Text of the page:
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Enhancements: The Prosecution Tool to Maximize Potential Punishment

Sentencing enhancements are allegations made by the District Attorney that attach to an underlying charge that increase, or “enhance”, punishment for that crime. There are conduct enhancements, such as an allegation that an assault or other offense was committed with “great bodily injury” (See Cal. Penal Code § 12022.7(a)), and status enhancements, that apply to repeat offenders, such as an allegation of a prior strike (Cal. Penal Code § 1192.7/667(d)) or previous serious felony when a current serious felony is charged (See Cal. Penal Code § 667(a)(1)).

Enhancements can add years and sometimes even increase punishment to the point where the client may be facing a life sentence. Luckily, the Legislature has amended a standing statute that now allows the Judge great discretion in dismissing enhancements in the interests of justice under a variety of circumstances related to the client and the alleged offense, provided an effective advocate can demonstrate to the Court that such dismissal is in fact in the interests of justice. (See Cal. Penal Code § 1385).

The Benefits of the Amended Version of Penal Code Section 1385

Under Penal Code section 1385, the defense can invite the Court to exercise its discretion in the interests of justice to dismiss either type of enhancement:


(a) The judge or magistrate may, either on motion of the court or upon the application of the prosecuting attorney, and in furtherance of justice, order an action to be dismissed. The reasons for the dismissal shall be stated orally on the record. The court shall also set forth the reasons in an order entered upon the minutes if requested by either party or in any case in which the proceedings are not being recorded electronically or reported by a court reporter. A dismissal shall not be made for any cause that would be ground of demurrer to the accusatory pleading.

(b) (1) If the court has the authority pursuant to subdivision (a) to strike or dismiss an enhancement, the court may instead strike the additional punishment for that enhancement in the furtherance of justice in compliance with subdivision (a).

(2) This subdivision does not authorize the court to strike the additional punishment for any enhancement that cannot be stricken or dismissed pursuant to subdivision (a).

(c) (1) Notwithstanding any other law, the court shall dismiss an enhancement if it is in the furtherance of justice to do so, except if dismissal of that enhancement is prohibited by any initiative statute.

(2) In exercising its discretion under this subdivision, the court shall consider and afford great weight to evidence offered by the defendant to prove that any of the mitigating circumstances in subparagraphs (A) to (I) are present. Proof of the presence of one or more of these circumstances weighs greatly in favor of dismissing the enhancement, unless the court finds that dismissal of the enhancement would endanger public safety. “Endanger public safety” means there is a likelihood that the dismissal of the enhancement would result in physical injury or other serious danger to others.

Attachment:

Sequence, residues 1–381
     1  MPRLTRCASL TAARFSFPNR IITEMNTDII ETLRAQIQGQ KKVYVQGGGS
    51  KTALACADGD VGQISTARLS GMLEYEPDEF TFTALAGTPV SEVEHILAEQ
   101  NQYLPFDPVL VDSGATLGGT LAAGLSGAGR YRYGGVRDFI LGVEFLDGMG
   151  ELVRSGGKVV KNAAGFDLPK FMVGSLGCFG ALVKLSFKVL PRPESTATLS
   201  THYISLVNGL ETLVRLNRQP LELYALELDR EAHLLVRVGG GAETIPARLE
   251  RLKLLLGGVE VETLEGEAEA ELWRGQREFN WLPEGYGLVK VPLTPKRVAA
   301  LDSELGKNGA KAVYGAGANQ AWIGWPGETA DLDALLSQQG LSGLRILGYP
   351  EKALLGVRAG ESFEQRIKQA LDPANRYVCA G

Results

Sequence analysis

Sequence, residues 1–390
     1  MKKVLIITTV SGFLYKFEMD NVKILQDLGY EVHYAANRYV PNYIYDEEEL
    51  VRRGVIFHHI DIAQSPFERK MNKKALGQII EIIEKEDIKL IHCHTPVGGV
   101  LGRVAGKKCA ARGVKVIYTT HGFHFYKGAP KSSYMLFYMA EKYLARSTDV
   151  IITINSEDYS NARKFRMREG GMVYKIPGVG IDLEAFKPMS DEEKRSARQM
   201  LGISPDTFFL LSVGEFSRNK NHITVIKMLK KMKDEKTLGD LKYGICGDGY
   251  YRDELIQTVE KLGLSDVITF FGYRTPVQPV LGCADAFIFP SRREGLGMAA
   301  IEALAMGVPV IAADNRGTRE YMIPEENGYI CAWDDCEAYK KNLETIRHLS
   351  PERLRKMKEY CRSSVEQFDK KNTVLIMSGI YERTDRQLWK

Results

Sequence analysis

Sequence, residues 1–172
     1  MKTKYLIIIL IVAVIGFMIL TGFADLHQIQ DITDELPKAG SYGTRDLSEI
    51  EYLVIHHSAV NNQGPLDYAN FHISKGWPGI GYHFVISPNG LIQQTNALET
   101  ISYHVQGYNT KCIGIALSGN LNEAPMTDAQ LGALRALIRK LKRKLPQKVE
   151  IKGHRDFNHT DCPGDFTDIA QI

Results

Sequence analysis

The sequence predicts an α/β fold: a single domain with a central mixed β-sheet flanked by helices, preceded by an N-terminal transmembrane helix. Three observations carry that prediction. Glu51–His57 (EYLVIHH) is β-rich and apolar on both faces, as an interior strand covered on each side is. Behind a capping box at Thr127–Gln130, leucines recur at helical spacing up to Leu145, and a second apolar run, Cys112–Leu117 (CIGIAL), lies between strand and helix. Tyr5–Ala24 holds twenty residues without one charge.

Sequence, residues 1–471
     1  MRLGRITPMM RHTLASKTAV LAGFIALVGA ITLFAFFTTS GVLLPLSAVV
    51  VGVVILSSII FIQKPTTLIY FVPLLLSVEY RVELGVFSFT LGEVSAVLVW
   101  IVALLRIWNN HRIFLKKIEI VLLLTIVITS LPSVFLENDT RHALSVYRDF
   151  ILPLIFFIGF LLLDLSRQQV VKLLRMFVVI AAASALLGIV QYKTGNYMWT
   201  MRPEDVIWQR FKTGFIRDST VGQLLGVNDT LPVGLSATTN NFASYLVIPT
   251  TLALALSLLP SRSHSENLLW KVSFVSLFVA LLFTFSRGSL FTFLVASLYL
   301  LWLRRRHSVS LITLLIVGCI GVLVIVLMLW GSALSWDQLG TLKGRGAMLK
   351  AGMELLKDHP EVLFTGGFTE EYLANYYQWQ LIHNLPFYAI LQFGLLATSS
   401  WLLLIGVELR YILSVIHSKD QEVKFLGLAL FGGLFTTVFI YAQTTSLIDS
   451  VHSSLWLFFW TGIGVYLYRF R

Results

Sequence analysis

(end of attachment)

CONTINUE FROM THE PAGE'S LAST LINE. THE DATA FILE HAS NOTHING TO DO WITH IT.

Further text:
(3) While the court may exercise its discretion at sentencing, nothing in this subdivision shall prevent a court from exercising its discretion before, during, or after trial or entry of plea.

(A) Application of the enhancement would result in a discriminatory racial impact as described in paragraph (4) of subdivision (a) of Section 745.

(B) Multiple enhancements are alleged in a single case. In this instance, all enhancements beyond a single enhancement shall be dismissed.

(C) The application of an enhancement could result in a sentence of over 20 years. In this instance, the enhancement shall be dismissed.

(D) The current offense is connected to mental illness.

(E) The current offense is connected to prior victimization or childhood trauma.

(F) The current offense is not a violent felony as defined in subdivision (c) of Section 667.5.

(G) The defendant was a juvenile when they committed the current offense or any prior juvenile adjudication that triggers the enhancement or enhancements applied in this case.

(H) The enhancement is based on a prior conviction that is over five years old.

(I) Though a firearm was used in the current offense, it was inoperable or unloaded.

(4) The circumstances listed in paragraph (2) are not exclusive and the court maintains authority to dismiss or strike an enhancement in accordance with subdivision (a).

See Cal. Penal Code §  1385, emphasis added.

Thus, the Court may now dismiss enhancements based on the age of their prior record, because of trauma or mental illness of the client, the punishment resulting would exceed 20 years, multiple enhancements alleged in one case, racial discriminatory impact, and other circumstances where such dismissal would be in the interests of justice.


Call Honeychurch & Giambona to Fight to Achieve the Best Result in Your Case

If you or a loved one is currently facing criminal charges in Napa County, Solano County, or Yolo County that include conduct or status enhancements, you need a dedicated, knowledgeable, respected defense team to fight for your freedom. Honeychurch & Giambona has handled countless serious felony cases and will fight to achieve the best result in your case taking advantage of all avenues the law allows. Call us today at 707-429-3111 for a free consultation as to how we can begin the fight on your behalf.



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